“Too much of anything is bad, but too much good whiskey is barely enough.”
– Mark Twain
During prohibition (1920-1933) whiskey and most other alcoholic drinks were outlawed by the 18th Amendment, which was enforced by the Volstead Act. However, America’s thirsty population employed a myriad of ways to acquire liquor. Some illegal, such as smuggling in booze from Canada or distilling it in their own homes. Others wanted to avoid bathtub gin or white lightning and chose to acquire their alcohol legally. During prohibition the U.S. Treasury Department authorized physicians to write prescriptions for medicinal alcohol. In our collection we have two bottles of prescription whiskey, one of which is still full with the seal unbroken.
The sealed bottle was prescribed to Percival N. Cutler by Kenilworth’s resident physician Dr. Rufus Stolp on August 26th, 1929. Stolp was highly active in the village, having founded the Kenilworth Historical Society. His practice was located on the second floor of the Kenilworth Store and later in his home.
Cutler, who lived at 207 Woodstock Avenue, may have suffered from a variety of ailments. Alcohol was prescribed as a treatment for anemia, tuberculosis, pneumonia, and high blood pressure, among other disorders. A pint of prescription whiskey cost $3 – $4, equal to around $40 today. In 1917 the American Medical Association (AMA) issued a resolution stating that alcohol’s “use in therapeutics as a tonic or stimulant or for food has no scientific value…the use of alcohol as a therapeutic agent should be further discouraged.” However, many doctors ignored the AMA’s statement and issued prescriptions for record amounts of medicinal alcohol, cashing in on their privileged status.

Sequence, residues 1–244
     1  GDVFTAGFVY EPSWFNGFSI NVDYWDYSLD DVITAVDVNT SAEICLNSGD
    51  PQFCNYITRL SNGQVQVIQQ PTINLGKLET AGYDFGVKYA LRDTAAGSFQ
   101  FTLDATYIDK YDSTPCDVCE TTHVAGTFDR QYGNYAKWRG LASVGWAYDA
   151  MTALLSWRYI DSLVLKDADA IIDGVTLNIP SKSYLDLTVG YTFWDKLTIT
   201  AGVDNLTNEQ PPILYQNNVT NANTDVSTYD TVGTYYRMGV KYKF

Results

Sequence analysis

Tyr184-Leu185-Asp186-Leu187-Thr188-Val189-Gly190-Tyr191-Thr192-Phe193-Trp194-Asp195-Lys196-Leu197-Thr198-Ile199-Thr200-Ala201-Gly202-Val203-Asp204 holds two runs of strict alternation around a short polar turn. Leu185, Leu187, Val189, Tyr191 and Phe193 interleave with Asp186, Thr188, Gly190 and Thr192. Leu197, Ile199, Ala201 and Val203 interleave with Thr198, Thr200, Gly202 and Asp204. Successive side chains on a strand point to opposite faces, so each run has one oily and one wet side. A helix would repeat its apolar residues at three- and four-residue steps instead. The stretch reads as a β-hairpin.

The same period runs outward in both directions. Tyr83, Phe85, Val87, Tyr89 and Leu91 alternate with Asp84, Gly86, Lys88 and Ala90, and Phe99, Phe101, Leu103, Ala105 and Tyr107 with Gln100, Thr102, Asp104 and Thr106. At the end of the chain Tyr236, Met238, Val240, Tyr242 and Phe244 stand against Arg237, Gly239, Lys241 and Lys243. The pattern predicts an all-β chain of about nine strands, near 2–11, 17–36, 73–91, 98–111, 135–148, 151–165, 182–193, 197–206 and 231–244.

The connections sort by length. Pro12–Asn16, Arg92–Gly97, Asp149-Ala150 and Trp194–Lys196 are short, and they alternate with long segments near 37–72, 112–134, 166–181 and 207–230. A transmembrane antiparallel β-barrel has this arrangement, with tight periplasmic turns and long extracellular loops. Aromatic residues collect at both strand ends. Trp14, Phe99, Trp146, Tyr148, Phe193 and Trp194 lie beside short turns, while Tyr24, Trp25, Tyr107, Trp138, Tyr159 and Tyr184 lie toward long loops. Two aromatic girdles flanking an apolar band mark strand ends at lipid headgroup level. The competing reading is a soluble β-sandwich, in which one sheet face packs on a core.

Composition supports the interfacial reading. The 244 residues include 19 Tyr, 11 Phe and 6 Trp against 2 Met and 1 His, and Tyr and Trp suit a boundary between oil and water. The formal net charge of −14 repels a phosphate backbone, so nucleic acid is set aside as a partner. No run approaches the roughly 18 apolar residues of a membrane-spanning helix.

Our empty bottle of Sour Mash Whisky was distilled by Old Hermitage, a brand owned by W.A. Gaines and Company from Frankfort, Kentucky. Gaines erected the Hermitage distillery in 1868 and were the largest producers of sour mash whiskeys in the world. W.A. Gaines and Co.’s involvement in the whiskey industry ended with prohibition in 1933. National Distillers owned the brand until 1987 when it was bought by Jim Beam. Apparently, the prohibition age whiskey still holds up as one reviewer found.
Both bottles are currently featured in the museum. We’ve raised the bar with our newest exhibition, How Can I Help You? Business and Commerce in Kenilworth. Stop on rye and see them soon, they’ll be gone before you know it.